In what could be the motto for this series: better late than never.
The Blindspot Series is a series of twelve posts spread throughout the year designed to offer bloggers a chance to catch up classic films we somehow may have missed. Started by The Matinee, here is my list of Blindspot films for 2015. Up next for December, in January, is Ingmar Bergman’s The Seventh Seal.
Watching The Seventh Seal I wasn’t exactly enthralled, but I was struck by several things. I haven’t seen a ton of Ingmar Bergman films, but knowing a bit about him I hadn’t expected this one to be as different from the other ones I’ve seen as it was. For one thing, it was more theatrical which makes sense as it is the earliest of his I’ve seen, and also it was humorous in spots. Who knew.
The Seventh Seal‘s plot is not as direct as I thought it would be. Though I knew going in that the film depicted a knight playing chess with death for his life, I had no idea we would be introduced to what seems like an entire countryside of people. Antonious Block (Max von Sydow) does indeed play a particularly weighted game of chess with the personification of Death (Bengt Ekerot), one that lasts the course of the entire film. In between rounds, he travels towards home with his squire Jons (Gunnar Bjornstrand), encountering a family of actors Mia (Bibi Andersson), Jof (Nils Poppe), and their infant son, the blacksmith Plog (Ake Fridell) and his lecherous wife Lisa (Inga Gill), and even more colorful characters.
Along the way, in between rounds of chess, Block looks for the existence of God in a world that seems to have descended into chaos. Witnessing the Black Plague and the public’s response to it, it seems as if the world has gone mad. While everyone runs in fear, Block suffers a spiritual crisis. He looks for God but only encounters Death. Though the story of Block’s search for God might ultimately end in futility, remember he’s not the only character in the film. Jof, the actor, sees visions of God’s work in the world even though no one else can, and that he remains untouched by Death can only seem hopeful. Even though Block finds nothing, he is able to save someone who can.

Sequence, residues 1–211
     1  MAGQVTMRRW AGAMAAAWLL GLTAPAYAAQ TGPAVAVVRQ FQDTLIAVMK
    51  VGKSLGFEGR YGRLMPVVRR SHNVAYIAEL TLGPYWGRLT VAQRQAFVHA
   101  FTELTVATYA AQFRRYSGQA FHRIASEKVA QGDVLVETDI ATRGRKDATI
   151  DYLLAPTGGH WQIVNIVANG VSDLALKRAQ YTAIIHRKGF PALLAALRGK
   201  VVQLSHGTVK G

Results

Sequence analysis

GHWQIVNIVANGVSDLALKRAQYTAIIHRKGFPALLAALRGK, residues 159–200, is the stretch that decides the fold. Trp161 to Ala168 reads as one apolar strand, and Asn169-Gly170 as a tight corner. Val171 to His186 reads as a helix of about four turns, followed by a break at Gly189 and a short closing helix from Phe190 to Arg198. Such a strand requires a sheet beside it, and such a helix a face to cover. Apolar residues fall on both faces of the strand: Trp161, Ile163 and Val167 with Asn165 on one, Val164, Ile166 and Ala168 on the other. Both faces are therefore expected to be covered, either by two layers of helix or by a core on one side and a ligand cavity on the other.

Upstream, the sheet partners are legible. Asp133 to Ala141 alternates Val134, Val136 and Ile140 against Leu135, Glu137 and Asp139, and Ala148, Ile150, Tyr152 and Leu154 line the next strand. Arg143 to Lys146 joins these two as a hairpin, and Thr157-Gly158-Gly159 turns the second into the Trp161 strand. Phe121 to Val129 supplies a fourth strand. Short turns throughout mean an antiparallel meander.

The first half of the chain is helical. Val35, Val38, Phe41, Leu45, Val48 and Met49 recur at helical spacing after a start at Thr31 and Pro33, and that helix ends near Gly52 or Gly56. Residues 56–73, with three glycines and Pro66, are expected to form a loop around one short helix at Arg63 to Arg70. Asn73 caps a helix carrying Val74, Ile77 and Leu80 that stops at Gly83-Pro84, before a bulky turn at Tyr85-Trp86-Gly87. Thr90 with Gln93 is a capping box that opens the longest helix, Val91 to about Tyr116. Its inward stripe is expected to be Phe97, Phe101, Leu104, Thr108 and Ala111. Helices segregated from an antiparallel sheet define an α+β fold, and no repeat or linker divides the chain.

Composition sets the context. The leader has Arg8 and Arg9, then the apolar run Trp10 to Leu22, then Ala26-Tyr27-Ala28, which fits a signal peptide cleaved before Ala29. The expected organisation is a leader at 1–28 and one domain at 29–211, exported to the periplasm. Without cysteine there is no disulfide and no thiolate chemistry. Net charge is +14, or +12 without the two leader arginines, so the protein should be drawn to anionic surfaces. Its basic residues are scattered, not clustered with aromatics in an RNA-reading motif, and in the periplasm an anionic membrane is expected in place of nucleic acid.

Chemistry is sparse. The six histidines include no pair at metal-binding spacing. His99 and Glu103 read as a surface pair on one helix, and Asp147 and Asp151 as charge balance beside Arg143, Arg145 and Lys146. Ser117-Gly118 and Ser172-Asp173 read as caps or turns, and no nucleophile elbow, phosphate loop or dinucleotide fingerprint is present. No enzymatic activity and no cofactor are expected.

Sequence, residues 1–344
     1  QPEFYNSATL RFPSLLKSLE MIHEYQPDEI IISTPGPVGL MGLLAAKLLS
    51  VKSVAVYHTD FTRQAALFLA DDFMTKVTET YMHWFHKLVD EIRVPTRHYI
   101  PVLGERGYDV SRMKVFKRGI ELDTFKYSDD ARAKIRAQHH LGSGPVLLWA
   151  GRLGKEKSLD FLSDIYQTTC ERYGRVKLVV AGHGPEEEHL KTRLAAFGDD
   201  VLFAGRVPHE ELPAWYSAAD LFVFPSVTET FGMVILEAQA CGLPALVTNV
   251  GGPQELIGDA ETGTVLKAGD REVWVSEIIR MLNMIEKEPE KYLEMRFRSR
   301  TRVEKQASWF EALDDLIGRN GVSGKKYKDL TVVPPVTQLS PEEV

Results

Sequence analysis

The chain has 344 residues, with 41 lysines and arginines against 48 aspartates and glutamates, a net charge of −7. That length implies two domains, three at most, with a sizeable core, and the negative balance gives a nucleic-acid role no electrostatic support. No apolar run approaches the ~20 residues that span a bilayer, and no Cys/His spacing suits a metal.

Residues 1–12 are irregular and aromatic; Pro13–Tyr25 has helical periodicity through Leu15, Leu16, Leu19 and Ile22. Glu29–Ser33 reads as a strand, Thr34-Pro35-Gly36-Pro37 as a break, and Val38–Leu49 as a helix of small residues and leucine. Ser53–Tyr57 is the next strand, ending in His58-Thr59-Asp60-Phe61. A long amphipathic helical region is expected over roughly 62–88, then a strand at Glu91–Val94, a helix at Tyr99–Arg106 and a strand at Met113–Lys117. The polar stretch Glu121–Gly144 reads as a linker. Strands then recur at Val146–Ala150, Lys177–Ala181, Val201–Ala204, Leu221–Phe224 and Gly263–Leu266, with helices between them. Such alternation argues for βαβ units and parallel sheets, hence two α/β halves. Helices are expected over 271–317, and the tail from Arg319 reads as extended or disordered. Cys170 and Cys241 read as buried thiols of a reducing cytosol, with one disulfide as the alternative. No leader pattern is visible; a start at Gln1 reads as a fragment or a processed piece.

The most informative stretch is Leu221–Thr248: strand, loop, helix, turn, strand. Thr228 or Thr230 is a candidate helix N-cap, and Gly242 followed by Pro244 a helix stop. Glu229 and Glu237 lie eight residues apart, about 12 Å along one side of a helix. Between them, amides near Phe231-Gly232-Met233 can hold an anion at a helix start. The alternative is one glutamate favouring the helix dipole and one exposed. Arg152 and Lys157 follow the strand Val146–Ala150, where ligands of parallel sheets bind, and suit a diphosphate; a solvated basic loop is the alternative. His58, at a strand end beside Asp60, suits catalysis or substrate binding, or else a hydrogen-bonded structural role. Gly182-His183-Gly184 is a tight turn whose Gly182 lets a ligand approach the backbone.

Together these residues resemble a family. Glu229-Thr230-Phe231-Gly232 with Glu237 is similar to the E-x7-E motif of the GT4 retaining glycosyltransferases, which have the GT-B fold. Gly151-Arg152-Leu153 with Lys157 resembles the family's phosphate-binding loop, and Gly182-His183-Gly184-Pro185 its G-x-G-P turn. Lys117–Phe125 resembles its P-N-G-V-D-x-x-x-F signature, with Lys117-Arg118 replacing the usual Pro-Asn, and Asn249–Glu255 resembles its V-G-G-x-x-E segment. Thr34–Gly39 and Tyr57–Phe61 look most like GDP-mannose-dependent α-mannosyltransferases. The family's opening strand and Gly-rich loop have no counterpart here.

The film does have quite a bit of humor, most of it when the film is focused on Jons rather than Block. I love the scene where he talks to the painter of the mural that Bergman actually based the film on (so meta, am I right). There’s also a lot of silliness with Lisa and another actor in Jof and Mia’s troupe, and when Death catches up with him it is equal parts hilarious and philosophical. Bergman does quite a good job of transitioning between those two conflicting tones here.
The other thing that really stood out to me was how Bergman positions the actors in the frame. This is where the film gets some of its theatricality from, and I don’t mean that disparagingly at all. The actors are frequently in tableau and strikingly lit. Though the actors may not always be moving, they are often positioned in the frame in such a way that gives it an interesting sense of depth. I’m not quite sure why Bergman uses this approach, but it is very interesting to see. It gives the film a sense of weight and formality that it perhaps might not have had had the actors always moved around more naturally and less theatrically.
The Seventh Seal might not come anywhere near one of my favorite films of all time, Persona, but I did really like it. I wish I had seen it in high school, the spiritual debate of the movie would have appealed to me a lot more then. Not that I didn’t appreciate it now, but still. In Persona it is combined with a lot of other stuff, but in this and the other Bergman film I’ve seen Through a Glass Darkly, it is very focused on Bergman’s spiritual angst. It’s nice to have a bit of other themes to chew on as well.
“We must make an idol of our fear, and call it God.”
Long story short: 3.5/4 stars
For Further Reading:
That (belatedly) wraps up The 2015 Blindspot Series! I’ll be announcing my lineup for the 2016 series soon. Thanks for reading!